By CHRISTIE L. CHICOINE
CS&T Staff Writer
The Catholic Standard and Times
Newspaper of the Archdiocese of Philadelphia
December 18, 2003
Advent is an appropriate time to address the atrocity of abortion, according
to the pastor of Maternity B.V.M. Parish.
"As we look to Christmas and sing, ‘O Little Town of Bethlehem,’ we all give
oohs and aahs over that little Baby born in a stable," said Father George A.
Majoros. "Where would we be if Mary had an abortion? There would be no chance of
salvation, no mercy of God, there would just be death, destruction." Advent, he
added, "is all about being awake" and prepared. "We need to restore marriage and
family life. What better way than to protect the innocent, the babies? We need
to be challenged from our complacency."
Father Majoros did just that by inviting a representative of Priests for Life
to deliver the homily Dec. 6-7 at Maternity’s seven weekend Masses.
Founded in 1991 and headquartered in Staten Island, N.Y., Priests for Life
offers assistance to clergy in addressing abortion and euthanasia, as well as
training and resources to the entire pro-life movement.
In his homily on the eve of the Immaculate Conception, Augustinian Father
Denis G. Wilde, a priest associate of Priests for Life currently in residence at
St. Katherine of Siena Parish in Northeast Philadelphia, appeared to hold the
congregation in the palm of his hand.
Father Wilde cited some startling statistics, telling the congregation that
in America a baby is aborted every 23 seconds. Approximately 48 percent of
abortions are repeat procedures, "second abortions or more." In fact, some 43
million babies have died since Roe vs. Wade was legalized on Jan. 22, 1973.
Father Wilde stressed that the killing of an unborn child is a mortal sin and
not solely a woman’s issue, nor is it an issue to be decided between a woman and
her doctor — "as if the doctor is the most important ‘other’ of that woman."
At the end of his homily, he received a round of applause.
A member of the Augustinian Province of St. Thomas of Villanova, ordained in
1970 and who served on the faculty at Villanova University from 1977 to 1998,
Father Wilde asked the assembly to remove the term "pro-choice" from their
vocabularies. Instead, he asked them to "invoke the honest word — pro-abortion,
because the choice is always about the killing of the unborn. When a person says
they’re pro-choice, (ask) what’s the choice for? Make them spell it out. As long
as we don’t spell out evil, it becomes somewhat acceptable. When we spell it
out, it can never be acceptable."
A case in point, continued Father Wilde: "Can you imagine the candidate for
office who says, ‘I’m here to tell you that I will support a woman’s right to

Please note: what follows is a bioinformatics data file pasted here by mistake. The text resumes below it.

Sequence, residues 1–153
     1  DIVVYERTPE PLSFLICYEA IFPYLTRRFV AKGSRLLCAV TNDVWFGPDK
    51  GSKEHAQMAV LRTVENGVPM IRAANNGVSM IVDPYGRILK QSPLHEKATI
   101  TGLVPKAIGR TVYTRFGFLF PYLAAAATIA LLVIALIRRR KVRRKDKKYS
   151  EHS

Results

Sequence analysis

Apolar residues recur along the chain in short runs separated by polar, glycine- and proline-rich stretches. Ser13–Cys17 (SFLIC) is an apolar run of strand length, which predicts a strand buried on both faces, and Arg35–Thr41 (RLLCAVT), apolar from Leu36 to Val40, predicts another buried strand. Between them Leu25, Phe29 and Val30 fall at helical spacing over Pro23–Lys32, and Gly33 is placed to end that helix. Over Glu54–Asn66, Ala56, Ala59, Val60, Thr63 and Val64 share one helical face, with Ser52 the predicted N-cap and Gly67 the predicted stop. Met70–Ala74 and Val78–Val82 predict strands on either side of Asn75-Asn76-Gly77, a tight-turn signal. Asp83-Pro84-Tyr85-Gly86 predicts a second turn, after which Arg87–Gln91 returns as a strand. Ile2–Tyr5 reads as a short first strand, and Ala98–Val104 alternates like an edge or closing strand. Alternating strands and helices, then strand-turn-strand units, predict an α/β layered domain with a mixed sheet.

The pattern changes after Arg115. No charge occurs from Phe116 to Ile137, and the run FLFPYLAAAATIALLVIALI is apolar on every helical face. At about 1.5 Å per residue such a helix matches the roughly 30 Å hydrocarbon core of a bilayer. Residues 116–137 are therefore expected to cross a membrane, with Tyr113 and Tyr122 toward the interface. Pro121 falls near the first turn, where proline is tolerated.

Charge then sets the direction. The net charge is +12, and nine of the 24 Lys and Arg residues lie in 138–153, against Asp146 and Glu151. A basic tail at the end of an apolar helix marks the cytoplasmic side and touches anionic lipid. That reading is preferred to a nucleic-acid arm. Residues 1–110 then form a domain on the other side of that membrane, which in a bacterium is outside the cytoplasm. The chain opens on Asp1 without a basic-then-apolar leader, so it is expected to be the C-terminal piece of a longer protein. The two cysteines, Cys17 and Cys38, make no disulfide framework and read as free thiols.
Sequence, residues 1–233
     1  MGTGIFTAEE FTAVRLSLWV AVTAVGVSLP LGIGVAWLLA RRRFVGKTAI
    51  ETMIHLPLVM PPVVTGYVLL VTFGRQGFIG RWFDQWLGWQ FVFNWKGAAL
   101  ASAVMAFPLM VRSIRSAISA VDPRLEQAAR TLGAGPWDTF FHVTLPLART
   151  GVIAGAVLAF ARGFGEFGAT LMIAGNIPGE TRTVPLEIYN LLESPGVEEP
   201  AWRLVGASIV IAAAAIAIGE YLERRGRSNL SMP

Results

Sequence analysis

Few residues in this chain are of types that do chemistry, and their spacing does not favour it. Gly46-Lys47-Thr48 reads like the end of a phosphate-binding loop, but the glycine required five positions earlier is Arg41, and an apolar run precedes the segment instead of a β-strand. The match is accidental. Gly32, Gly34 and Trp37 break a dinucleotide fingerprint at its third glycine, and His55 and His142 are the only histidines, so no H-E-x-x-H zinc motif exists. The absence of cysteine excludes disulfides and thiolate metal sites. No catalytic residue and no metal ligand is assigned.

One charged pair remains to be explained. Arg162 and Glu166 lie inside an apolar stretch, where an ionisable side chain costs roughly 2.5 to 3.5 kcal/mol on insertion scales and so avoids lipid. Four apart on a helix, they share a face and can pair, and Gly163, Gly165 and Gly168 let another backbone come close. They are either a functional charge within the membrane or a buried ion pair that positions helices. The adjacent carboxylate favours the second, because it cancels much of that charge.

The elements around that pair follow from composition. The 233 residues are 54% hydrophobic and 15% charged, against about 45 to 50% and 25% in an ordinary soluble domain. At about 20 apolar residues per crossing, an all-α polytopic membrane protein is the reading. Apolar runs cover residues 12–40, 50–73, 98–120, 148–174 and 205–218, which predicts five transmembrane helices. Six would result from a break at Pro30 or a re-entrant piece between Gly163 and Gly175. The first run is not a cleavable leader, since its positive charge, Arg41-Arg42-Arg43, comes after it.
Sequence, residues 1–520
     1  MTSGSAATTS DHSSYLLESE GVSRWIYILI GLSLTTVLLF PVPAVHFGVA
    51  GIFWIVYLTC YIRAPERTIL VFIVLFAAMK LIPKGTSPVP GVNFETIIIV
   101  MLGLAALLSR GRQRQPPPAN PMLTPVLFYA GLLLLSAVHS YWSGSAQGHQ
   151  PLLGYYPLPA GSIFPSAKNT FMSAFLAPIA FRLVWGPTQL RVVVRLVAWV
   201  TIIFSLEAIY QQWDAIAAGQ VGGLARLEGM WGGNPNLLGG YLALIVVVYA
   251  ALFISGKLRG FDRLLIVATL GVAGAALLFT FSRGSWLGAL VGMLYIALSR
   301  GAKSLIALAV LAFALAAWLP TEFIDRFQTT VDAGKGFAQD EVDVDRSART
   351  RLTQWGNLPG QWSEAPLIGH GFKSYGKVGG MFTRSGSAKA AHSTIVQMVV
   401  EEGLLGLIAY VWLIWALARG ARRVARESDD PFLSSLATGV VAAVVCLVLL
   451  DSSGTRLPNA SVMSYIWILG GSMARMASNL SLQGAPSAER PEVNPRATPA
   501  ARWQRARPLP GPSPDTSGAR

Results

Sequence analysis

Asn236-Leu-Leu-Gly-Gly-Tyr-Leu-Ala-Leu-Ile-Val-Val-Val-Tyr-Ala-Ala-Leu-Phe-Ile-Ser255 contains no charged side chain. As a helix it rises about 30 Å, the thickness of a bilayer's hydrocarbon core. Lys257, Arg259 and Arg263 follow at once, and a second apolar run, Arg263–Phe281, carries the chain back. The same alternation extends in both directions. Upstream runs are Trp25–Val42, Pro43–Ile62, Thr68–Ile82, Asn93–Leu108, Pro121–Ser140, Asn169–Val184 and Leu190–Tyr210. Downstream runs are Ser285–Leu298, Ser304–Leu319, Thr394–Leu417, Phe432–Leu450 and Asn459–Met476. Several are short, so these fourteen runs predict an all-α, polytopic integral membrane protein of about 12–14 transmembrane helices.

kill her child up until the time of birth, including the time of birth, for any
reason whatsoever?’ Think they’re going to get elected? They’re not going to get
elected, because it’s a horrific thing." The term pro-choice "buries the truth,"
In addition to encouraging involvement in pro-life grassroots efforts, Father
Wilde strongly advised Catholics to have on hand contact information of sites
that provide alternatives to abortion. "You never know … who’s going to confide
to you, ‘I know somebody who’s going to have an abortion … and I’m really
plagued with not knowing what to do about it.’ You should be able to steer them
in the right direction (and show them) there is hope."
While Father Wilde said there’s no reason for an abortion, he also told the
congregation that compassion was needed to adequately assist women who have had
an abortion. "There is no sin that is so great that God cannot forgive it if one
wants to be forgiven."
He noted that pro-life issues now extend beyond the womb, threatening our
whole society. "We now see it in euthanasia, assisted suicide and the removal of
feeding tubes from people who want to have that nourishment. Who’s making the
decision here? God is the decider." Unfortunately, he said, some insist on
But Advent is a beacon of hope for pro-life causes. "In the season of Advent,
we see days getting shorter, nights getting longer. There is a lot of darkness
around us, but in that darkness we have candles. Those candles are there to
remind us of the light of Christ. … We’re anticipating. It’s the white candle
that reminds us of the birth of Jesus Christ."
Among those assembled for the liturgy were the Montvydas family of four, soon
to be five — David and Nicole, both 31; sons Thomas Luke, 3, and Daniel, 1; the
couple’s third child is due in July. "If there’s any issue in the Church that’s
more important than abortion, I don’t know what it is," said David. "It’s the
only thing I worry about when I vote," added Nicole, who happily shared the fact
that her unwed birth mother chose life and adoption for her.
Both David and Nicole commended Father Wilde’s homily, saying they felt that
many are uninformed about abortion and its consequences. "People need to hear
(pro-life talks) more often," David said. Nicole agreed. "There needs to be a
lot more information out there — detailed, as gruesome as it may be — but
detailed information about what exactly is involved in an abortion. I don’t
think young girls understand exactly what they’re doing when they make the
decision (to abort)."
Nicole reflected on the ultrasound she recently received. "I was less than
eight weeks pregnant and saw the baby’s heart beating. That’s absolutely amazing
that you can see the heart beat so early. I think it’s beautiful. It just blows
my mind that (some) people don’t believe it’s a child."
For more information on how to be an advocate for life, contact Priests for
Life at (888)PFL-3448 or check out the Web site www.priestsforlife.org.